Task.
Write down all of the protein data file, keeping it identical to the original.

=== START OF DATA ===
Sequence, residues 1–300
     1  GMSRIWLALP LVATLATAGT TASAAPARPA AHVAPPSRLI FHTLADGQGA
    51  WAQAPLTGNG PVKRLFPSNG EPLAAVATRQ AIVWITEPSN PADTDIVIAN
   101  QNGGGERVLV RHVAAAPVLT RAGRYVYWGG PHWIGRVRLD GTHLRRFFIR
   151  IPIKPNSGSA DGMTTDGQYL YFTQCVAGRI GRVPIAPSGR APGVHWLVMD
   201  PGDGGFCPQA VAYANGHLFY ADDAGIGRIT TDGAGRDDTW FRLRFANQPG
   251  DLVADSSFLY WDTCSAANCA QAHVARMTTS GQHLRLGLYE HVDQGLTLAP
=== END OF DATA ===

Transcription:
Sequence, residues 1–300
     1  GMSRIWLALP LVATLATAGT TASAAPARPA AHVAPPSRLI FHTLADGQGA
    51  WAQAPLTGNG PVKRLFPSNG EPLAAVATRQ AIVWITEPSN PADTDIVIAN
   101  QNGGGERVLV RHVAAAPVLT RAGRYVYWGG PHWIGRVRLD GTHLRRFFIR
   151  IPIKPNSGSA DGMTTDGQYL YFTQCVAGRI GRVPIAPSGR APGVHWLVMD
   201  PGDGGFCPQA VAYANGHLFY ADDAGIGRIT TDGAGRDDTW FRLRFANQPG
   251  DLVADSSFLY WDTCSAANCA QAHVARMTTS GQHLRLGLYE HVDQGLTLAP